Agrivoltaics, or agri-PV, is the combination of solar panels with agriculture on the same plot and is a form of multi-purpose land use that can add value by preserving farmland and using land more efficiently. Synergy is possible when the solar panels replace existing crop protection covers or nets, and in dry years when the reduced evaporation in agri-PV gives higher yields.

Besides these advantages, there are also downsides: the investment in agrivoltaics is higher than for a standard monofunctional solar farm, crop yields go down when there is too much shade, and in open crops, the cultivable area is reduced because cultivation cannot take place right next to the panel structure.

In projects with fruit (raspberries, strawberry, pear, redcurrant) and productive grassland, all the different aspects of agrivoltaics are integrated: the distribution of light over PV and crop with effects on yields, the (cultivation) technical side, financial aspects and policy aspects.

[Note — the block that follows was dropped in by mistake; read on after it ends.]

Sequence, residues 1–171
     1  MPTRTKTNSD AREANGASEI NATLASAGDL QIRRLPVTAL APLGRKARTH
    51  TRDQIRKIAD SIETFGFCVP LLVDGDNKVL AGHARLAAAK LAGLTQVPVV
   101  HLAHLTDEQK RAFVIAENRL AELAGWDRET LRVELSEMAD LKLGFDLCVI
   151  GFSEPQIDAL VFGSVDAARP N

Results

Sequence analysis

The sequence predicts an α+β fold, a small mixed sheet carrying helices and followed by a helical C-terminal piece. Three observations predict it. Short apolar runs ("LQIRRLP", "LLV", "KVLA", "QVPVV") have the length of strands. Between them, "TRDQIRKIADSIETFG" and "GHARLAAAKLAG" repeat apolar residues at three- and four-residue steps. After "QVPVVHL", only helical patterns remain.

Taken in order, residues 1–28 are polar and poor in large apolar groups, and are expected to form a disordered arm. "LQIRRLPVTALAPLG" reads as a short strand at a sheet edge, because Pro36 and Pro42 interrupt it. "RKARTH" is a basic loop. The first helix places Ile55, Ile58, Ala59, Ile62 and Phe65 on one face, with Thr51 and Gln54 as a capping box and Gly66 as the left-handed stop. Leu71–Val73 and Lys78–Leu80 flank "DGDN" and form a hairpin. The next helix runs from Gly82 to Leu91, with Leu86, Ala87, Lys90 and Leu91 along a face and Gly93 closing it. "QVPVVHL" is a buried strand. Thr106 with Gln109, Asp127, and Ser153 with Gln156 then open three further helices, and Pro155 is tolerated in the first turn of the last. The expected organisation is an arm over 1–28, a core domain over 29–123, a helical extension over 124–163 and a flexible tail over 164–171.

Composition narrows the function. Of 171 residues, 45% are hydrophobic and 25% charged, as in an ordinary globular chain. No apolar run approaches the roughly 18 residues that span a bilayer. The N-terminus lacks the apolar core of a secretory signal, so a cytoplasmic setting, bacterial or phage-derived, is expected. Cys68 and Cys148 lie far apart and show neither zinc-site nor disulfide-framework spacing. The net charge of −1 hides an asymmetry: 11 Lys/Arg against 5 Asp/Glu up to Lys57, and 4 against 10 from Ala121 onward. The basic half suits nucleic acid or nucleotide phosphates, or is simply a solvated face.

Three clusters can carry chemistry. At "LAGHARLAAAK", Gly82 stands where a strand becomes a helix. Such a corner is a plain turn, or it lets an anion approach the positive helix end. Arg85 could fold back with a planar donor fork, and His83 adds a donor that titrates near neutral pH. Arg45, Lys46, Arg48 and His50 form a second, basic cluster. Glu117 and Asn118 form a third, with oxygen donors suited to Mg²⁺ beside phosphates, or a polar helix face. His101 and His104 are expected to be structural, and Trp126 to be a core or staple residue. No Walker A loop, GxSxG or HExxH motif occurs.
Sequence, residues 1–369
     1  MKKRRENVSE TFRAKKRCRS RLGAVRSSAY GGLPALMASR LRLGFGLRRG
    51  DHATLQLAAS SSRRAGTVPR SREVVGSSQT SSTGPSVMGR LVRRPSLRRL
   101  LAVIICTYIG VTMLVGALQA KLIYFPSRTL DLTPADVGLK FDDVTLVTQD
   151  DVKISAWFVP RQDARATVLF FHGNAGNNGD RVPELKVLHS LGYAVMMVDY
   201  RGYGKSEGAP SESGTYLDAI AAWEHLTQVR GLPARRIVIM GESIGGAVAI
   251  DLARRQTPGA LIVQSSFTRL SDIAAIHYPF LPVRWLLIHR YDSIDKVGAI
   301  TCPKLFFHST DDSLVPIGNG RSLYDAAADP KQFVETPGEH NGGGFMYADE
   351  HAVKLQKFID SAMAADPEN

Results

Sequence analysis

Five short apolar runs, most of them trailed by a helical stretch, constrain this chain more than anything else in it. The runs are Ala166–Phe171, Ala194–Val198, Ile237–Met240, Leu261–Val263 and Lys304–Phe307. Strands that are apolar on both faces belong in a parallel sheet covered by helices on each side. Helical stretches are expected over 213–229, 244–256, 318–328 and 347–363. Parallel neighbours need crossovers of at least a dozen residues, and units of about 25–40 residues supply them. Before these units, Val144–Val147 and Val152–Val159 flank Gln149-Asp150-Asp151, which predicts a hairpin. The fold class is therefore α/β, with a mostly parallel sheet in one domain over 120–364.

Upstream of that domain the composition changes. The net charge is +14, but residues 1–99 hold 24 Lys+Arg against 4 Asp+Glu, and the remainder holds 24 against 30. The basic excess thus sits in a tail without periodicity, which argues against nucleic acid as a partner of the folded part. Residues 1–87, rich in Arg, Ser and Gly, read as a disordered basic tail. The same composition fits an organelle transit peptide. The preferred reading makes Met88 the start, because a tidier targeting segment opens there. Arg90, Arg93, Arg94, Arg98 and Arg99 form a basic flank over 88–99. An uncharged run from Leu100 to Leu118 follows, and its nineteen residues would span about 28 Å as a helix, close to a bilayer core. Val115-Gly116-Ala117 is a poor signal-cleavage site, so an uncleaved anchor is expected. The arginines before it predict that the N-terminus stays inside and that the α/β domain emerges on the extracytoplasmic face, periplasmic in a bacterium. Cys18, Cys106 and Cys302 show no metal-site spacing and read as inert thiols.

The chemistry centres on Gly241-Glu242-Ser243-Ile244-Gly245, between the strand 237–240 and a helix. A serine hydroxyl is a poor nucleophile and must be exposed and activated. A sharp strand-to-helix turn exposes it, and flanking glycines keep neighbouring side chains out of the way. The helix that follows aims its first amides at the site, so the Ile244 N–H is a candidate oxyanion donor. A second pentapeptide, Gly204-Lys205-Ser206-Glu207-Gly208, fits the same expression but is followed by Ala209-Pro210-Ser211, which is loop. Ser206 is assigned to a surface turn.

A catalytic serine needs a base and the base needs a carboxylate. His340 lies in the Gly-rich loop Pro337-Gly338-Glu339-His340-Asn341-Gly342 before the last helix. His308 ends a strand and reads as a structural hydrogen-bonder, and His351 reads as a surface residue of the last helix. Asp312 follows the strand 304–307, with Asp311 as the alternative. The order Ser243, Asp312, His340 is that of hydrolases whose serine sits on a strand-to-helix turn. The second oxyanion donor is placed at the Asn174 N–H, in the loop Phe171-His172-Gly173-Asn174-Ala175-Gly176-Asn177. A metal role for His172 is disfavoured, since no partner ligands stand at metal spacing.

More about agrivoltaics

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Biomonitoring: measuring air quality with plants

Industries that release airborne particulates must meet strict emission standards set by the Dutch government. Even so, farmers and local residents still routinely question whether these emissions are ending up in their immediate surroundings. Biomonitoring - using plants to measure air quality - addresses the concerns of area farmers and residents.

Indicator plants

Some plants, being highly sensitive to air quality, develop visible and specifically attributable symptoms. Cultivating these so-called 'indicator plants' in at-risk areas facilitates local air-quality monitoring. Plants that absorb and store airborne particulates without developing visible symptoms are known as 'accumulators'. Samples collected from these plants can be analysed for substances such as heavy metals, PAHs, dioxins and PCBs. Biomonitoring has been shown to be a powerful tool for monitoring air quality near waste incinerators, ore processing plants and airports.